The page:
June 19, 2015
A movie crew took over the grounds of the Dickinson Museum on June 15
By Nate Gordon, Office of Communications intern
This past week, the grounds of the Emily Dickinson Museum served as the set for A Quiet Passion, an upcoming biopic about the introverted poet. The museum was closed for filming on June 15 and reopened three days later.
Open to the public since 2003, the Dickinson Museum includes two houses that were owned by Dickinson’s family and are now owned by the College.
Produced by British filmmaker Terence Davies, A Quiet Passion stars Zero Dark Thirty actress Jennifer Ehle and Sex and the City actress Cynthia Nixon as younger and older versions of Dickinson, respectively. Keith Carradine plays Dickinson’s father, Edward.
While there have been documentaries and short films made about Dickinson and her poetry, this will be the first commercial movie about the poet.
What also separates this film—which is expected to be released sometime next year—from previous ones is its target audience, according to Jane Wald, executive director of the museum. “[The filmmakers] hope to reach a very broad general audience and interest people who may not be familiar with Emily Dickinson at all, yet,” she explained.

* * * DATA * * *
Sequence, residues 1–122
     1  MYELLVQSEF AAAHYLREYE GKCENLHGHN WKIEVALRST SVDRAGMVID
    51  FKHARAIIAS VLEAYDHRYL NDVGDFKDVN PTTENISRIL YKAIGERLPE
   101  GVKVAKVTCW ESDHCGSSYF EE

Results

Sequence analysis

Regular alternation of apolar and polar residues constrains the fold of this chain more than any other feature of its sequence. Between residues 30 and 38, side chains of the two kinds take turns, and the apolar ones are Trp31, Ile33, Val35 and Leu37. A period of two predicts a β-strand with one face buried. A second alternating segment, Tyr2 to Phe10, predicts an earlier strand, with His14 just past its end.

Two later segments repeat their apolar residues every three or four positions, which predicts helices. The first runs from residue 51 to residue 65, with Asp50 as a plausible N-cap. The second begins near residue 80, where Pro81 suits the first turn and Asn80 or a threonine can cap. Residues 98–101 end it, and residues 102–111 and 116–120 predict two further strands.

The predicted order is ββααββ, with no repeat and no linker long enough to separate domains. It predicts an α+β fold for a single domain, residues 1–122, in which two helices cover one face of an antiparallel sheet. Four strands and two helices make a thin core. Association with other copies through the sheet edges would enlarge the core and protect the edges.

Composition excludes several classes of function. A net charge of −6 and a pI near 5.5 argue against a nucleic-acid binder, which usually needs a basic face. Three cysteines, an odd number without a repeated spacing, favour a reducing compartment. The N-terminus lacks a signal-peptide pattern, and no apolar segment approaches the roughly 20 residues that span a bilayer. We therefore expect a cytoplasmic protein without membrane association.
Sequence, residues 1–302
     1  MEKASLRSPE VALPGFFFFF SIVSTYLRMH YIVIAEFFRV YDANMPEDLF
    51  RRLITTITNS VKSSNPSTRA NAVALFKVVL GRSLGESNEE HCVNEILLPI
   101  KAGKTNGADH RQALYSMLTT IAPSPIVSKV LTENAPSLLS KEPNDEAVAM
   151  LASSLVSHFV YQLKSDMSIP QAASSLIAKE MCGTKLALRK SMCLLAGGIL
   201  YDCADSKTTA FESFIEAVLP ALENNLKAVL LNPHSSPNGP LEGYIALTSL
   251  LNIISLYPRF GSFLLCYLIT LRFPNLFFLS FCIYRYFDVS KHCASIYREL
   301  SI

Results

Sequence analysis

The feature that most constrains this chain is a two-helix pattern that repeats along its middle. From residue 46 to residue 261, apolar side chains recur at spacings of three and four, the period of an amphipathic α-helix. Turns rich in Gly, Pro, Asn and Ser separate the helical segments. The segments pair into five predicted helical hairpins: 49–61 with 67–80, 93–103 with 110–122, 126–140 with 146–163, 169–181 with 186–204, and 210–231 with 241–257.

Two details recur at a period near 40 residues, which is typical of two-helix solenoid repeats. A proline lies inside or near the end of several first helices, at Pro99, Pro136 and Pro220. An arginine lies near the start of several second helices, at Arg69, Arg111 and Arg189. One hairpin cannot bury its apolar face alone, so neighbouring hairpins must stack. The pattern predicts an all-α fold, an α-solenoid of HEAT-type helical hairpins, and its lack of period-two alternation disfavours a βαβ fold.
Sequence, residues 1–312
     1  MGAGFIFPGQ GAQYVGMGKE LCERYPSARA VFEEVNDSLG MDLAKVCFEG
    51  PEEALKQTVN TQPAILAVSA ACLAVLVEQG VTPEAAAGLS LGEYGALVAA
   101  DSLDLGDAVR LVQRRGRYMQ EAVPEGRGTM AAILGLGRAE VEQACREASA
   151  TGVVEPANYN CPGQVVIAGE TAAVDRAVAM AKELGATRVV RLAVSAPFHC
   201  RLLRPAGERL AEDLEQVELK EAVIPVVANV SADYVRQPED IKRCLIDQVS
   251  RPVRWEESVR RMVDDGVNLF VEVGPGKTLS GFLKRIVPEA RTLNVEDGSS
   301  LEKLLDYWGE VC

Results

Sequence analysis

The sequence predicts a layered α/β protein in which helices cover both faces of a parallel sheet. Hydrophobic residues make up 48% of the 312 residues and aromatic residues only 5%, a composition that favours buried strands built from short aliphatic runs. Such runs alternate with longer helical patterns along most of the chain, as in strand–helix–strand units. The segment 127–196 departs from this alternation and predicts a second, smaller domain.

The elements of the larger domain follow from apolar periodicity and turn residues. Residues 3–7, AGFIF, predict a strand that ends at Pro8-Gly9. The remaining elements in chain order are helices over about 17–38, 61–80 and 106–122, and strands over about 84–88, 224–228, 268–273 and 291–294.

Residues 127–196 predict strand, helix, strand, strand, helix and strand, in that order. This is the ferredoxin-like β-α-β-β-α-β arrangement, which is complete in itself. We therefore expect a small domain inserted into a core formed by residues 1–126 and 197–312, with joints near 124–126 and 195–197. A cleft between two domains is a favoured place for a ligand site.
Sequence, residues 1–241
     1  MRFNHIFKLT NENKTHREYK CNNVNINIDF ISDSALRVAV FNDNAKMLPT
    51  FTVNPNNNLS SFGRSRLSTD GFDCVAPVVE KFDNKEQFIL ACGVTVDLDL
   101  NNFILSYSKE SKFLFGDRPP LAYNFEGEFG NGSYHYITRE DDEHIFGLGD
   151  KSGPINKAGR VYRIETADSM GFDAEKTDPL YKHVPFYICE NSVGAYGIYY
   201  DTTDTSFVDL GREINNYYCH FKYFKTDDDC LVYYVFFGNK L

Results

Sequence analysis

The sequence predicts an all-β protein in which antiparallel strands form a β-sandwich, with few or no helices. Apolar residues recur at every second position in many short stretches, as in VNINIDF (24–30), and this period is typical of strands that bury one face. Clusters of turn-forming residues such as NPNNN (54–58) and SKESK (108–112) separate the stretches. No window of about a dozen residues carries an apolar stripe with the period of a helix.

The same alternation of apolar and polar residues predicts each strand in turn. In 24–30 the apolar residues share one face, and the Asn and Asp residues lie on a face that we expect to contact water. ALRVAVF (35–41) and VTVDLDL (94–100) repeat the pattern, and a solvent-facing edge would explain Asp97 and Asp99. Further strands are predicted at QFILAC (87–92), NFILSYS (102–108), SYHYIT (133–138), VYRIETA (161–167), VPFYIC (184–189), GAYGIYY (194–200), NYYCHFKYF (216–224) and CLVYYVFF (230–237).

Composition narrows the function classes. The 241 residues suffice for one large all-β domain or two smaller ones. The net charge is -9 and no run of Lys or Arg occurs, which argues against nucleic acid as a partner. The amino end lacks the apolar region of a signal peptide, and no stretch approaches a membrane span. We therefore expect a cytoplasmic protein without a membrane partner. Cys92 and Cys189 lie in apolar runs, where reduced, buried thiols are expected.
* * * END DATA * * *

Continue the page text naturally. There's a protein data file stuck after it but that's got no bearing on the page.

Much of the film was shot in Belgium this spring on a set that included a replica of the interior of Dickinson’s home.
Although only exterior scenes were filmed in Amherst, Wald believes it was important for a part of the film to be shot on the grounds that Dickinson walked in the mid-1800s.
“[The Homestead] reflects one of Emily Dickinson’s own values, which is sense of place,” Wald said. “She wrote about place and she identified with Amherst, herself, and ultimately, with her family property. On a practical level, I think it demonstrates the commitment of the filmmakers to a serious effort.”
In addition to the museum, the crew will film scenes at Amherst’s Wildwood Cemetery. Dickinson and her family were buried at West Cemetery, but Wildwood will be used for logistical purposes. Scenes will also take place at the Pelham Historical Society Museum.
Barry Roberts, president of the Amherst Business Improvement District and owner of Muddy Brook Farm, took part in the film as well. He dressed in a top hat and period costume for scenes in which he guided one of his own horse-drawn carriages around town.